Despite the best efforts of policymakers, we expect euro area CPI inflation will register 7.0% in 2023. Part of the reason for sustained price gains is that second round effects from the energy shock have started to materialize in core goods and services. These will be harder to stamp out. For instance, negotiated wages, after two years of tepid growth, have started to rise sharply. Burgeoning wage pressures will help carry momentum in core inflation through 2023 and help keep CPI at an above-trend 2.3% in 2024.
Despite some new momentum in wages, they have not kept pace with inflation. Real incomes have contracted sharply across the euro area (Chart 3). The erosion in purchasing power combined with a drastic decline in consumer confidence (Chart 4) are going to put pressure on discretionary spending. The ongoing rebound in tourism and services spending will provide some offsets, in addition to support from historically tight labor markets (Chart 5). However, high inflation will keep real activity restrained, and the labor market will soften over the next two years as the economy struggles to gain traction – lifting the unemployment rate to 8.0% by 2024.
Moreover, in response to sustained inflation, the European Central Bank (ECB) has begun raising interest rates rapidly to prevent higher inflation expectations from becoming entrenched. The main refinancing rate is now up 250 basis points since June. We anticipate another 150 basis points of tightening to come this year, substantially tightening financial conditions. The ensuing decline in property valuations amid stretched affordability will weigh on both real estate investment and consumer confidence.
Tighter financial conditions will also weigh on nonresidential investment by adding to the strains on corporate margins for firms that are already facing structurally higher energy costs and weaker consumer demand. Moreover, the steep reduction in natural gas demand this year has helped minimize the risk out outright shortages this winter, but the energy shock means some heavy industrial users may simply offshore operations going forward3. Lastly, despite recent improvements, uncertainty continues to weigh on business sentiment in the common currency area.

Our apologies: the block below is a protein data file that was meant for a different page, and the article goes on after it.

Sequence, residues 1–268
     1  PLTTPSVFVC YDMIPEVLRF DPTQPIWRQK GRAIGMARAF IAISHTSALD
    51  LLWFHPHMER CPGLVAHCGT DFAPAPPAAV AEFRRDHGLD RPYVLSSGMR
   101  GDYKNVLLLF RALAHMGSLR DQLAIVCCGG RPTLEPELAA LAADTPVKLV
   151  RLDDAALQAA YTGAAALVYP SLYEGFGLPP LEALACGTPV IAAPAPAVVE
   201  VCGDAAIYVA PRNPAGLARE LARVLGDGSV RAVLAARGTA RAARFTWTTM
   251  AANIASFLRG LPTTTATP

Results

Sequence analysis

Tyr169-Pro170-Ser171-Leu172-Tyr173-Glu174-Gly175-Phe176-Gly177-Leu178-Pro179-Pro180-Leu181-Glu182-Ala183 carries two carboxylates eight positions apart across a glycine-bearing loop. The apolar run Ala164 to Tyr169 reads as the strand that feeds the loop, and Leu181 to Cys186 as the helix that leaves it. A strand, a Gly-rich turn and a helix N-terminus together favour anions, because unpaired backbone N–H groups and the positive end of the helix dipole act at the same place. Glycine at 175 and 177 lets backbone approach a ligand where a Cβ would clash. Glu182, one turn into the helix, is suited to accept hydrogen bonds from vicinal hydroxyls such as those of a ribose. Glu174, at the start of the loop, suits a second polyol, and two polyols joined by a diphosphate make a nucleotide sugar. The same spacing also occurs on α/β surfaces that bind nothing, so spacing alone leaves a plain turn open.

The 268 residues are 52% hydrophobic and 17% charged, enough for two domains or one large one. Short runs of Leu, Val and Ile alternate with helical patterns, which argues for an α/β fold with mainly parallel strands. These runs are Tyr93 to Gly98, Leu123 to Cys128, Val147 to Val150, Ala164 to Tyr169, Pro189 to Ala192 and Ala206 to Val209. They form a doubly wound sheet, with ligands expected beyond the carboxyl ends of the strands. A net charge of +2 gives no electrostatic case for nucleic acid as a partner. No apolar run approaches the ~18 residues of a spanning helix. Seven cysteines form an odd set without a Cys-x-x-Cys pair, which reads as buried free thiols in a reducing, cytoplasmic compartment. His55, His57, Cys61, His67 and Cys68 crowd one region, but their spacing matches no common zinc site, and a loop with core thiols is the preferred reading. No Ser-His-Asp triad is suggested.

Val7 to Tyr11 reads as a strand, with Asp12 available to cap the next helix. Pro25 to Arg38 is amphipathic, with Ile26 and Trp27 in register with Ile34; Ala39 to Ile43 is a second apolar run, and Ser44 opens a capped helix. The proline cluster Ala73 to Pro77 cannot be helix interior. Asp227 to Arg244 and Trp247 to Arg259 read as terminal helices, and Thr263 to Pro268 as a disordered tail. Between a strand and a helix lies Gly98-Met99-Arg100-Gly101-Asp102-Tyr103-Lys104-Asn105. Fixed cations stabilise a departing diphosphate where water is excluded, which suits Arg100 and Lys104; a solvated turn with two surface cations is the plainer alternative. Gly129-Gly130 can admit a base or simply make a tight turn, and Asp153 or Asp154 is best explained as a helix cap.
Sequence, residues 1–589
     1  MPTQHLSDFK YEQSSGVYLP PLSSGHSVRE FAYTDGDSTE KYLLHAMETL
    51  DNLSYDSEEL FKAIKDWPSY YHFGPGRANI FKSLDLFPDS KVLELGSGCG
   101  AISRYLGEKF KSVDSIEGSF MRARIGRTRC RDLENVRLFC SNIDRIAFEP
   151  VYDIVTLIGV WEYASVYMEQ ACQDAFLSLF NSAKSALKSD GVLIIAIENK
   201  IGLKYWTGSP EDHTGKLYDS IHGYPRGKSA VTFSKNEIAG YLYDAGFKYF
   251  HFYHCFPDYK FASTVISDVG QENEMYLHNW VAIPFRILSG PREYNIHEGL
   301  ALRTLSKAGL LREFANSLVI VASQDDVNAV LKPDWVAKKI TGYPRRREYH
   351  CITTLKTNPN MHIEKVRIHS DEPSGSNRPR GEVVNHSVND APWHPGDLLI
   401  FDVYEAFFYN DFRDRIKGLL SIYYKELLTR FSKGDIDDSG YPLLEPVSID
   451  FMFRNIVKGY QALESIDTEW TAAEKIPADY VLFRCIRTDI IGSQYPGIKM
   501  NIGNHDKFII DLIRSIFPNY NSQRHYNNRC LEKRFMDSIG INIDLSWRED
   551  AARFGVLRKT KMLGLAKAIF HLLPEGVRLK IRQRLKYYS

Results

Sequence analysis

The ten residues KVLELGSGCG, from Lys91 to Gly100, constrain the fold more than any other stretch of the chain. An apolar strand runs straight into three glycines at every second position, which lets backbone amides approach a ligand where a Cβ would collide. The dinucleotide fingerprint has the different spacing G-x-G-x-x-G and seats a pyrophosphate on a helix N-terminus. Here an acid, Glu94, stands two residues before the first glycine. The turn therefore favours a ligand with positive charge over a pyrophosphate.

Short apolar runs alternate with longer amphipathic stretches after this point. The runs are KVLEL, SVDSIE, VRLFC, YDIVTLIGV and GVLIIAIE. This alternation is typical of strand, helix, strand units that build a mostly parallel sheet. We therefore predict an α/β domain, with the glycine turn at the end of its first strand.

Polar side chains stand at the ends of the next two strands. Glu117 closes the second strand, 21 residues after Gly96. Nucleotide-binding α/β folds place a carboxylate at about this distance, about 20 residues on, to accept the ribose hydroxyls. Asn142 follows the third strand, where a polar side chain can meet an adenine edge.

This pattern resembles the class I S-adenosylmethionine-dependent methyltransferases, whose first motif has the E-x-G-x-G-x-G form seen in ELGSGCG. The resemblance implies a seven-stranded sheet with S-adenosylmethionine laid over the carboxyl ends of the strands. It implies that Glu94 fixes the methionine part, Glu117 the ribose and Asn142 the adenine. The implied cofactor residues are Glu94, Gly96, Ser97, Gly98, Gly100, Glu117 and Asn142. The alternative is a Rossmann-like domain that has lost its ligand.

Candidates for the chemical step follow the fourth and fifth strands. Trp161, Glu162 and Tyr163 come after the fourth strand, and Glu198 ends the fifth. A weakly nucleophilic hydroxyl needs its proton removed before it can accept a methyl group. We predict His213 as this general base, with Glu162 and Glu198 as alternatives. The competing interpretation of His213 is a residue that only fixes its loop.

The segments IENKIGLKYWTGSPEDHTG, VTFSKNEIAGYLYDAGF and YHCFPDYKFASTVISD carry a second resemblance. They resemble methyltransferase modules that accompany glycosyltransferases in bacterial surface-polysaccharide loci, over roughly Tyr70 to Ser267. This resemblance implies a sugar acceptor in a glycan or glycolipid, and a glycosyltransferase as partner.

One silver lining for the investment landscape is the substantial volume of funds yet to be disbursed as part of the Next Gen EU scheme. The plan committed roughly 800 billion euros (5.5% of 2021 GDP) to a variety of schemes to, among other things, green and digitize the economy. Most of the funds (700 billion euros) will flow through the Recovery and Resilience Scheme where national level allotments vary greatly. For instance, major beneficiaries Italy (191.5 billion euros) and Spain (69.5 euros) are due to collect 10.7 % and 5.6% of 2019 GDP, compared to 0.7% in Germany.
What's crucial to the outlook is that although the funds have been committed, only 138.7 billion has been disbursed (as of December 2022). Italy and Spain have received roughly 35% and 45%, respectfully, of their allotments thus far. The lag, in part, reflects that nations still need approval from the European Commission before their allotments can be paid out. This is setting up 2023 and 2024 to be years where the money and investments really begin to flow.
Lastly, with global growth set to slow from 3.3% in 2022 to 2.3% in 2023, external demand won't be the source of growth euro area nations have come to rely on. The U.S. is still the euro area's largest export destination and domestic demand there is set to slow sharply over the coming year. Stronger growth in China – particularly starting in the middle of the year – because of the removal of COVID controls does provide some offset.
The story for Europe remains one of depressed consumer sentiment and an erosion in purchasing power thanks to high inflation. Fiscal policy, together with unseasonably warm weather and downbeat economic expectations, have helped ease the effects of skyrocketing energy prices, but these effects could prove fleeting. Given the balance of risks, we anticipate euro area GDP to post virtually no growth in 2023 followed by a tepid bounce-back
in 2024 (+0.9%).
- Sgaravatti, G., S. Tagliapietra, G. Zachmann (2021) ‘National policies to shield consumers from rising energy prices’, Bruegel Datasets, first published 4 November 2021, available at https://www.bruegel.org/dataset/national-policies-shield-consumers-rising-energy-prices
- Leibovici, F., J. Dunn (2022) "The Increased Tradability of Natural Gas", Economic Synopses, No. 32, 2022. https://doi.org/10.20955/es.2022.32
- McWilliams, B., G. Zachmann, (Jan. 13, 2023) "European Natural Gas Tracker", Bruegel, available at https://www.bruegel.org/dataset/european-natural-gas-demand-tracker
- Reuters (October 26, 2022) "BASF seeks 'permanent' cost cuts at European Operations" https://www.reuters.com/markets/europe/basf-says-european-operations-need-be-cut-size-permanently-2022-10-26/